There are texts that mention others as "apostles." Acts 14:14 puts Barnabas with Paul, calling them "the apostles." Some affirm that Andronicus and Junia were apostles, citing Romans 16:7 as confirmation ("who are outstanding among the apostles" NASB). I believer that is stretching the text a bit. It rather seems to be saying they were held in high regard among the apostles, not numbered with them. Paul refers to James, the Lord's brother, in such a way as to suggest he also was an apostle (Gal 1:19). Paul also seems to class Apollos as an apostle in 1 Corinthians 4:6-9). 2 Corinthians 8:23 also refers to the "messengers (apostolos) of the churches." Of course, Jesus Himself is called "the Apostle and High Priest of our confession" (Heb 3:1).

The "gift" of Apostles was not a general one, but related to specific individuals related to the foundation. The names of the twelve Apostles, you may recall, are depicted as being on the foundation of the glorified church (Rev 21:14). The church is also build upon the foundation of the Apostles and Prophets (Eph 2:20). This is evidenced by Peter's inspired instruction concerning selecting a replacement for Judas (Acts 1:20-26). He said such a person must have "accompanied us all the time that the Lord Jesus went in and out among us--beginning with the baptism of John, until the day that He was taken up from us-- one of these should become a witness with us of His resurrection." When the lot Divinely fell upon Mathias, the Spirit says he was "numbered with the eleven Apostles" (Acts 1:26).

I believe Barnabas was called an Apostle because he was sent forth by the Holy Spirit, together with Paul, on a special mission (Acts 13:2-3). Paul referred to Epaphroditus as a messenger of the church at Philippi. The word he used for "messenger" was apostolos. In his case, he was an apostle of the church, not of the Lamb. 2 Corinthians 8:23 also refers to the "messengers" (apostolos) of the churches."

There are, therefore, apostles sent forth by the church, and some especially sent forth by the Holy Spirit, as Barnabas. However, the accent is placed upon the sending of such individuals. With the twelve, however, the accent was upon their message and authority.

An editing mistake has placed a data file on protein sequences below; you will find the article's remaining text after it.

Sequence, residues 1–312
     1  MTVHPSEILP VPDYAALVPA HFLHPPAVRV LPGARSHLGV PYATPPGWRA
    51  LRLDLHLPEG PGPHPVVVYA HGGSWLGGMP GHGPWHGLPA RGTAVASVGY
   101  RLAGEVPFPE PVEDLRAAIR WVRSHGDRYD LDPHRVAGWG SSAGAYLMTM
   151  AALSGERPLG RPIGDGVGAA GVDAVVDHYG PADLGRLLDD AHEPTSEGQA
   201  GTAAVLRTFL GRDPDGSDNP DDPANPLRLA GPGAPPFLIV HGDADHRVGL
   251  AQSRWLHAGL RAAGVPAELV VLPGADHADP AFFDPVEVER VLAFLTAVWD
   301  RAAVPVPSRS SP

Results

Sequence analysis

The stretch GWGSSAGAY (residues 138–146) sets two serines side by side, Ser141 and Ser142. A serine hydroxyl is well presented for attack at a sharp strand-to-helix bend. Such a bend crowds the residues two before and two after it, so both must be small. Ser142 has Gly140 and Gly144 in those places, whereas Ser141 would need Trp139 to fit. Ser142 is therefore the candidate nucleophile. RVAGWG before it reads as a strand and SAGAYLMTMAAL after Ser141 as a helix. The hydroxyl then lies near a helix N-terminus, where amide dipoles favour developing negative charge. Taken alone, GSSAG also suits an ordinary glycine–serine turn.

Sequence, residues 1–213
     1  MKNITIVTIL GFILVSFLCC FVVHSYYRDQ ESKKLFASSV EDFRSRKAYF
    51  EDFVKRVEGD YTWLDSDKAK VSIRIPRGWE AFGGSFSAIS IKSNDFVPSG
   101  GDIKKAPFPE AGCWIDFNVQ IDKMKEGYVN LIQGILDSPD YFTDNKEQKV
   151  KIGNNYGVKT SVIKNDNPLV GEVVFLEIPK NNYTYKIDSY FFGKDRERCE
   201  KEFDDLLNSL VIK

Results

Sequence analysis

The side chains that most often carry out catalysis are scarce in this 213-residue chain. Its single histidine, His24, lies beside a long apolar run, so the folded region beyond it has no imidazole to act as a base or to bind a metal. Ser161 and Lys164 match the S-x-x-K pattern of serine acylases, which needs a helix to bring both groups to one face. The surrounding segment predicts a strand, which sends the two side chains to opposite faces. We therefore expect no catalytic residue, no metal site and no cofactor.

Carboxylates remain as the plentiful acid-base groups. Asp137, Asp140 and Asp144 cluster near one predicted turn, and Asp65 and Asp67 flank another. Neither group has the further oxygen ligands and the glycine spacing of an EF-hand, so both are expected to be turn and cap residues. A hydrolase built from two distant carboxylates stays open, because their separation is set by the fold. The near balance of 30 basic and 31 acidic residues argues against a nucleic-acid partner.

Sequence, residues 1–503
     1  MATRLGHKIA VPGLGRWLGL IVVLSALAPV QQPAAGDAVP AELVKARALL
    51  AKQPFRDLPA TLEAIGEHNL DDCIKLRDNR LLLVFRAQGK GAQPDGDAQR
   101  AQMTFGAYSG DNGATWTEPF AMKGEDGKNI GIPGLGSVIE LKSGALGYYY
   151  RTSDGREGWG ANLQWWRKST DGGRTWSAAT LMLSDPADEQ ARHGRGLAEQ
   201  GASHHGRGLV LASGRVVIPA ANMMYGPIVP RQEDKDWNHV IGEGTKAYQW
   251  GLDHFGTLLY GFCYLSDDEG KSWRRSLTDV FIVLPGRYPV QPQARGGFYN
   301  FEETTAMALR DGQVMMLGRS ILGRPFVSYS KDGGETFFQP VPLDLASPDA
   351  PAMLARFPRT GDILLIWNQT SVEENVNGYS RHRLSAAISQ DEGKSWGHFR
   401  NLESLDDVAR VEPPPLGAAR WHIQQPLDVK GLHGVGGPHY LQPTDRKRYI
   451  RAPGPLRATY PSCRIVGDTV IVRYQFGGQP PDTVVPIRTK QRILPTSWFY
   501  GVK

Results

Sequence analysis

All apostles are not the same. Among the twelve, Peter, James, and John excelled. Among those three, John excelled. The twelve themselves excelled above Barnabas and James, as well as Paul and Epaphroditus. Jesus, of course, excelled above them all.

So far as being a foundation builder, the office of an Apostle is not perpetual. So far as sending men forth on special commissions, the church still does this, and the Spirit may very well do so also. But care must be taken not to attach authority to such individuals, or imagine that their word carries the weight of Scripture. The mystery of the ages has been revealed "to His holy Apostles and prophets" (Eph 3:5). I should think a man today to be most presumptuous to class himself among that elite group.

The Sabbath. Some say you must worship the Sabbath Starting Friday evening and if you don't you are breaking God's law.

Jesus said God did not make man for the seventh day Sabbath (Mark 2:27). The Spirit reminds believers, "Let no man therefore judge you in meat, or in drink, or in respect of an holyday, or of the new moon, or of the sabbath days: which are a shadow of things to come; but the body is of Christ" (Col 2:16-17).

When the Gentiles were converted, the Apostles and elders sent letters to them concerning obligations that were laid upon them. Here is what their letter said. "For it seemed good to the Holy Spirit, and to us, to lay upon you no greater burden than these necessary things: that you abstain from things offered to idols, from blood, from things strangled, and from sexual immorality. If you keep yourselves from these, you will do well. Farewell" (Acts 15:29). that would have been an ideal time to mention the observance of the Sabbath day, particularly since Gentile converts were addressed who were not familiar with the Law. The Holy Spirit not only directed these holy men concerning obligations to be kept, but excluded ones that were not bound upon them. the Sabbath day was one of the latter things.